- Employees educated in diverse fields of study choose career paths that rely on similar skill sets, according to a report by labor market data research firm Emsi.
- The report tracked the career paths of graduates from three types of education programs: philosophy, language and the social sciences; business and communication; and engineering and information technology. Emsi found that, regardless of whether students earned degrees with a job-specific application, their career paths tended to center on jobs that involved "core functions that make a business run smoothly." Those functions include tactical and interpersonal communication, operational oversight and interpersonal oversight.
- Emsi found that for every major, careers in management, sales, marketing and business and financial analysis were common (among the top 10 career outcomes for each area of study). The report's authors analyzed Emsi's database of over 100 million career profiles to create the report.
Employers are likely familiar with research concluding that the typical employee's skillset won't meet the future demands of the workplace.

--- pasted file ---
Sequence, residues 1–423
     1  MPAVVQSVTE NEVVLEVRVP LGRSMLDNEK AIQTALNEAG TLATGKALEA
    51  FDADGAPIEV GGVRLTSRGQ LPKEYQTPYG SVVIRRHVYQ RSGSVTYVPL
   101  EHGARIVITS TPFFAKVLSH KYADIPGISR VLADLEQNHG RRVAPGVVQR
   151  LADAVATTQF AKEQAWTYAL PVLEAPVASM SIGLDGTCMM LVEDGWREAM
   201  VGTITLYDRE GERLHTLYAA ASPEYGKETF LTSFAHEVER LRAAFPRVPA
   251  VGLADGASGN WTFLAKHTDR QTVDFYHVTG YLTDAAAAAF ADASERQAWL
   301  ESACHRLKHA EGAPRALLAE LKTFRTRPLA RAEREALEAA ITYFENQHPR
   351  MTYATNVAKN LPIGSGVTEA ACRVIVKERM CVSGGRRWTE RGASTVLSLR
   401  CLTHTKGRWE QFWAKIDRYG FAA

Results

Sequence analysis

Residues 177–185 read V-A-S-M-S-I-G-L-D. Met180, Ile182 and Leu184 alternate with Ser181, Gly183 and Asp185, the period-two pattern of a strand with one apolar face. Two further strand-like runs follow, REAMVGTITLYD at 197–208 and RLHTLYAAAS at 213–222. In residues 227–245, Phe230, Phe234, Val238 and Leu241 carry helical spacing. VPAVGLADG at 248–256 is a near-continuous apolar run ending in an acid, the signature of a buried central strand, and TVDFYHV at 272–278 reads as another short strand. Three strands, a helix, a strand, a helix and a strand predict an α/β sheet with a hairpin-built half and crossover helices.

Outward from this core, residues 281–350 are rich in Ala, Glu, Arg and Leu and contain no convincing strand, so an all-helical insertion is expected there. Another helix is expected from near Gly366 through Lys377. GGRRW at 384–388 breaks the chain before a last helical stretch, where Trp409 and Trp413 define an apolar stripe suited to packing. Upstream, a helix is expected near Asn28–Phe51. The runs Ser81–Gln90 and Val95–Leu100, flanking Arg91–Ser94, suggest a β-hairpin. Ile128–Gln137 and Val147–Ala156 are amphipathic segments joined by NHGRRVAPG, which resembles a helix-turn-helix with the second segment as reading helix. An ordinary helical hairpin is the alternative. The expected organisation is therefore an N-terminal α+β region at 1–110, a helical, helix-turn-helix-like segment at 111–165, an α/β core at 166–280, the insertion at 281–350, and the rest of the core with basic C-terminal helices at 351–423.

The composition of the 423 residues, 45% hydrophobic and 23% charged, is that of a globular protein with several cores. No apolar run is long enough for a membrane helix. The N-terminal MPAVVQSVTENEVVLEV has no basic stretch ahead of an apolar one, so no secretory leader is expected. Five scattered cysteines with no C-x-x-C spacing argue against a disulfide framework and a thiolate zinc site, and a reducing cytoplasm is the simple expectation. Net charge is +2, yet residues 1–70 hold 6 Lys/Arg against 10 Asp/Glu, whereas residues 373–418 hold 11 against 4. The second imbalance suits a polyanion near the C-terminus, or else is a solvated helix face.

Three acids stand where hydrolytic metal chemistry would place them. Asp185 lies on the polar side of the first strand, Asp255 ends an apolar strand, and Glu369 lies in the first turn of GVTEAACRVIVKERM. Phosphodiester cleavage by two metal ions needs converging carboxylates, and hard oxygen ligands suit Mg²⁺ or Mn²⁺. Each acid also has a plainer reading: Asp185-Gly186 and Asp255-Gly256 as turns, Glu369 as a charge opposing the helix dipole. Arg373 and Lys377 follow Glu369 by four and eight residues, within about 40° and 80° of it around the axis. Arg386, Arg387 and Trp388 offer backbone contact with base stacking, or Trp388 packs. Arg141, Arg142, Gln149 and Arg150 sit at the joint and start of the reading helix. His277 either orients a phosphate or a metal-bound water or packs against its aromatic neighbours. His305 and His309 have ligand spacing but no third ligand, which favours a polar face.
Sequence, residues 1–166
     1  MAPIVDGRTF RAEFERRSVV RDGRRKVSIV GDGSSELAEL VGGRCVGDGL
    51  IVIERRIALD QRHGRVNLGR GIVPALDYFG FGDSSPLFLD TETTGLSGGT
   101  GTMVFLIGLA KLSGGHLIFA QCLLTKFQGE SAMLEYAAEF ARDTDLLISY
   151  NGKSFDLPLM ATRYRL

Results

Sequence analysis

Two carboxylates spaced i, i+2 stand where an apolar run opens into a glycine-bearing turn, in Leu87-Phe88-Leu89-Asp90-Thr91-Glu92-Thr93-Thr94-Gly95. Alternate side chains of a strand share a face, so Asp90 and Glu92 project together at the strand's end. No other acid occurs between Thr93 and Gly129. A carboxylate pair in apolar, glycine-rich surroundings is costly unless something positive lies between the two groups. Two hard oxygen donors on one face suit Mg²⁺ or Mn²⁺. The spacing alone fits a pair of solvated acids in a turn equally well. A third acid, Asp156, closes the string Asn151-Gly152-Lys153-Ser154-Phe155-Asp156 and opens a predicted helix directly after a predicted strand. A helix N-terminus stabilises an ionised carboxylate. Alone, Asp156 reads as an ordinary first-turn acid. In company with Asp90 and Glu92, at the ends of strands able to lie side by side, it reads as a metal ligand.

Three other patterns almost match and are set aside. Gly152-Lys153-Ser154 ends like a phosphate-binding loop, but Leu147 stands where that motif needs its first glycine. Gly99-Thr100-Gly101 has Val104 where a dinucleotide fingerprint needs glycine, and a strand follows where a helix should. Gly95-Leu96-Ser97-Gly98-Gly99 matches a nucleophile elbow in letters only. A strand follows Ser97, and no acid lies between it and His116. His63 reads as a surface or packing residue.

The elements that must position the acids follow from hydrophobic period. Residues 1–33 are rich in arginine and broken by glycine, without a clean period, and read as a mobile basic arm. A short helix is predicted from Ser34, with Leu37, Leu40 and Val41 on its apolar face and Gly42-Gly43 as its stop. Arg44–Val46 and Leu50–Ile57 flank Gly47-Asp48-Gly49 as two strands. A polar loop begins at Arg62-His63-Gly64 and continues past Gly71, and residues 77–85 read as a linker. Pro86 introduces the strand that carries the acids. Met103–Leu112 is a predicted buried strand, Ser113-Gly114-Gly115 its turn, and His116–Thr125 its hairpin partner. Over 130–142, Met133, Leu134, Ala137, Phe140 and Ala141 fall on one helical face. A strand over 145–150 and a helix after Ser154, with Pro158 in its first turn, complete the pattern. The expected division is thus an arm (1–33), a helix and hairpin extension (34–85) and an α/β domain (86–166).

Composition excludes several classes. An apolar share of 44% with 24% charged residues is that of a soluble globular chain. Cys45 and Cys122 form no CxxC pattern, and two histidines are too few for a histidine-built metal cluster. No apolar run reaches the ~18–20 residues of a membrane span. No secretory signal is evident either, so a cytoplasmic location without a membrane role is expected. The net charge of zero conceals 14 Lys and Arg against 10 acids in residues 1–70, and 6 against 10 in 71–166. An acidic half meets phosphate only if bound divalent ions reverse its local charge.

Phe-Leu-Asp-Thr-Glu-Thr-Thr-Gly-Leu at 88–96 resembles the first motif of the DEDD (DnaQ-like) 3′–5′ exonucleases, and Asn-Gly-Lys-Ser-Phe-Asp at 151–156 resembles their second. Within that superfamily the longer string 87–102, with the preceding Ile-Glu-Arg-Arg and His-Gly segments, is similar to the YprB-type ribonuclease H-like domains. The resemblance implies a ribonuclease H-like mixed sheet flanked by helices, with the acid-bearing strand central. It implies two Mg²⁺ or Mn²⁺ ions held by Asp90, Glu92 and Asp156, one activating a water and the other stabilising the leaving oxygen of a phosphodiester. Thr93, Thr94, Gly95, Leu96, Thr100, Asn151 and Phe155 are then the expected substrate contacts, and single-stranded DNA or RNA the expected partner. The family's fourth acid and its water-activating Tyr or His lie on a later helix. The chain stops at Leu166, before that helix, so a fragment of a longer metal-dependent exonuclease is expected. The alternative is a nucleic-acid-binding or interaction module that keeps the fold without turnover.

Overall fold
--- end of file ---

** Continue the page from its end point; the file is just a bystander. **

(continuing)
That conclusion is supported by firms like Gartner, which concluded in 2018 that only 30% of employees have the skills they need to perform their jobs today and that even fewer, 20%, have the skills they need for both current and future jobs. A recent report by researchers at the Massachusetts Institute of Technology warned of employment polarization caused by technology, leading to situations in which workers with highly technical skill sets are disproportionately favored.
Predictions of this sort are leading employers to strategize around their future needs and adapt employee learning programs accordingly. For some that means a focus on soft skills, including leadership, communication and collaboration, each of which can be adapted across roles and functions, sources previously told HR Dive. The business-critical skills highlighted in Emsi's report fall firmly in the soft skills bucket, indicating that these skills may be critical to workers' future prospects regardless of career path.
Emsi's findings also point to the importance of centering learning program design around a long-view of career development. Career path mapping may be one way to support both employers' needs and employees' ambitions. This also gives employers the chance to be creative — one example previously described to HR Dive by a source included a play on the "The Game of Life" board game.
Still, it may take time for future-oriented thinking to catch on. An August study by Axonify found that fewer than half of employees said their employers are training workers in preparation for the future.